"You've got a new screening force on duty, and you may have people who haven't traveled in a long time and don't know the rules," said Tom Sullivan, a spokesman for the Metropolitan Washington Airports Authority, which operates Dulles and National. "Just that combination could cause some delays at security screening."
About 5.1 million people are expected to fly nationwide this Thanksgiving weekend, up 6 percent from the 4.8 million who flew during last year's holiday, according to AAA.
BWI said it expects about 650,000 passengers during the Thanksgiving period, which stretches from last Friday to Dec. 2. That would be a 12 percent increase over last year's passenger total. Dulles and National expect almost 1 million. The airports authority does not have statistics for last year's Thanksgiving travel, a spokesman said.
Thanksgiving swamps airports more than Christmas because the crunch is concentrated on the Wednesday before and the Sunday after the holiday, while Christmas and New Year's travel is spread out across more than a week.
DeiTos said lines also could grow because federal screeners are doing longer, more thorough checks than the contract screeners were required to do last holiday season. That includes more hand-wanding of passengers, more shoe X-rays and more thorough searches of coats and laptop computers. He said airlines are hoping the increased number of federal screeners will offset the effect of the more thorough inspections.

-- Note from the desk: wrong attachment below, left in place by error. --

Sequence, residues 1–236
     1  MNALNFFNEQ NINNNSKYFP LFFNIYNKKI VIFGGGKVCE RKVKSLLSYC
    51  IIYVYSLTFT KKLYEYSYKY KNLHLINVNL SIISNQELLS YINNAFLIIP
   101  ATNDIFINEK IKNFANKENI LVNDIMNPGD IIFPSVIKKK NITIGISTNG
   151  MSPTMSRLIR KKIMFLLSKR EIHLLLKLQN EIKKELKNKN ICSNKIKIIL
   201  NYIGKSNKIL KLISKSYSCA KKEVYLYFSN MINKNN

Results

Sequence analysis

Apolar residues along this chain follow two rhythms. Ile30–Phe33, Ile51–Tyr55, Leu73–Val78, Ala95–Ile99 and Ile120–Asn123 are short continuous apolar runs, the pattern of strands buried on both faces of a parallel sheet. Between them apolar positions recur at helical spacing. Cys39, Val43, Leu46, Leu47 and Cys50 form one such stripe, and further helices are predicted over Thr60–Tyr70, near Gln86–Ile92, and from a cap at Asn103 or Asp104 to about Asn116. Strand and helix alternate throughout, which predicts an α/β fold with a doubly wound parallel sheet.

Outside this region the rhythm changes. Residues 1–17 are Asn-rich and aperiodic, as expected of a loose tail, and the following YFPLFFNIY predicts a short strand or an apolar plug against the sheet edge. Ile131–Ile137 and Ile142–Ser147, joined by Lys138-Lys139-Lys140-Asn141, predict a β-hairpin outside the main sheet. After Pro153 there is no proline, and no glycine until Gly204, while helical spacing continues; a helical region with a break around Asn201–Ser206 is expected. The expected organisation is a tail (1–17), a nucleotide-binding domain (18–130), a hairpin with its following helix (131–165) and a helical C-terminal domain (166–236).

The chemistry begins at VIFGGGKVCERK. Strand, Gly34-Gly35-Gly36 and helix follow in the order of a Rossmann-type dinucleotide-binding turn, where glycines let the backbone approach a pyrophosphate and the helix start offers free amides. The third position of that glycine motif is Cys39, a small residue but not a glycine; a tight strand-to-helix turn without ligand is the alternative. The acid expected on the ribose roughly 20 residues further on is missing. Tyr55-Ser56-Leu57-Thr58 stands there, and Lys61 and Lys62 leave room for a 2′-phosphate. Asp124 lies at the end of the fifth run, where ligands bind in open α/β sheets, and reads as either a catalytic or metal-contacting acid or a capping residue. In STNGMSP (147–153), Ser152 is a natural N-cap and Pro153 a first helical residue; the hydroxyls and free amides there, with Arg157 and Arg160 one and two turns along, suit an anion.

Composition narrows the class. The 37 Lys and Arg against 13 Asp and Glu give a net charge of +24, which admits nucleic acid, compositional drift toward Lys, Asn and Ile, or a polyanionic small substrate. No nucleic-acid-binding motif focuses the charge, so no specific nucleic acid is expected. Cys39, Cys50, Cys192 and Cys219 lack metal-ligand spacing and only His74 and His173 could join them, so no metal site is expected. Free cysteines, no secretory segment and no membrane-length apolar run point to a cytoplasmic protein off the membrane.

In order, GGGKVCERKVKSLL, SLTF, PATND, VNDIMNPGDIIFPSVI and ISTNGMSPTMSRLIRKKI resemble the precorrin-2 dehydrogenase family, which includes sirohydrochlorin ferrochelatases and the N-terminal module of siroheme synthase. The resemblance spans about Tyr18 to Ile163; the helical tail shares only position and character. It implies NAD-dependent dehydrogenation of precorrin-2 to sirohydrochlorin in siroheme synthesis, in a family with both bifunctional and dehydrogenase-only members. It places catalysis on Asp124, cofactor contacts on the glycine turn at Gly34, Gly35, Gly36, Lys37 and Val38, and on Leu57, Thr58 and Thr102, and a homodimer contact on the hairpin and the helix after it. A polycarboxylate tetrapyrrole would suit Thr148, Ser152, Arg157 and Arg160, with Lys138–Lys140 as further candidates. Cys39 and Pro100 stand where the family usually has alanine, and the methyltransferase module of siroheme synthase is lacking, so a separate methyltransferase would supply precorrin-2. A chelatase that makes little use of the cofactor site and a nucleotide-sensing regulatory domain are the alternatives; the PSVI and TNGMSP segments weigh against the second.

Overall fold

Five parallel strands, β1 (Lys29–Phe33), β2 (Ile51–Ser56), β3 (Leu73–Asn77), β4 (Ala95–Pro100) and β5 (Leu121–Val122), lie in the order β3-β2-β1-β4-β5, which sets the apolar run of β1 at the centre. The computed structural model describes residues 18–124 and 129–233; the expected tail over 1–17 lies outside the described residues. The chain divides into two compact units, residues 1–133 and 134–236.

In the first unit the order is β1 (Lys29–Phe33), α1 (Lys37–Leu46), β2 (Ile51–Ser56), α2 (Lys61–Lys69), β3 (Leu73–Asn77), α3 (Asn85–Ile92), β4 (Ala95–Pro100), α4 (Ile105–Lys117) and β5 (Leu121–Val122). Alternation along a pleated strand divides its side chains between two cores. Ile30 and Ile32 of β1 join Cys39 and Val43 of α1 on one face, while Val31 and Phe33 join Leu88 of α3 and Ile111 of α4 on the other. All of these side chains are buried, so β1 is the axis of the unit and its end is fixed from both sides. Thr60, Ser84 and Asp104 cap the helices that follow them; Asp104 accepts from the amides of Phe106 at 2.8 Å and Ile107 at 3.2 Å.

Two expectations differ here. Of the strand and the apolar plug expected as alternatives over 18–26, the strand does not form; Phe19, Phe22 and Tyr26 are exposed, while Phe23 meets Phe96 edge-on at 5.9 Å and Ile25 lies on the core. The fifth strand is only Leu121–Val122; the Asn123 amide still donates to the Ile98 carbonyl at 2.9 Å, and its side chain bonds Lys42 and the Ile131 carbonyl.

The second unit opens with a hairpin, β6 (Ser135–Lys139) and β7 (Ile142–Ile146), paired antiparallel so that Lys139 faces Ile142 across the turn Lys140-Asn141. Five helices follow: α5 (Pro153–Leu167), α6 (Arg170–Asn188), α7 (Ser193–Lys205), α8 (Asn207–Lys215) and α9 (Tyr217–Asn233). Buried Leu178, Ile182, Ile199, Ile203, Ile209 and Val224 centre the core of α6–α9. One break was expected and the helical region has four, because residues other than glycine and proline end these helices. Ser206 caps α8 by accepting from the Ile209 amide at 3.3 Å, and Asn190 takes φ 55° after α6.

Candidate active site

Federal employees, wearing a signature yellow emblem on their uniforms, took over all security checkpoints in May at BWI, the first airport in the nation to get the federal screeners. They arrived at National in September and at Dulles in October. The screeners will be scanning more luggage with explosives-detection machines, although not every bag is required to be scanned until Dec. 31, the deadline required by a post-Sept. 11, 2001, airport security law.
TSA's goal is to keep passenger waits at the security checkpoint to 10 minutes or less. The agency said travelers should expect to see more uniform procedures. But the real key to shorter lines will be passengers who know the rules and think carefully about how they pack, said TSA spokeswoman Heather Rosenker.
TSA launched a Web site this year, www.tsatraveltips.us, to give advice. It suggests passengers forgo jewelry and metal clothing items, such as belt buckles and underwire bras. Signs also will remind people to remove their laptop computers from their bags and take off their coats before reaching the checkpoint.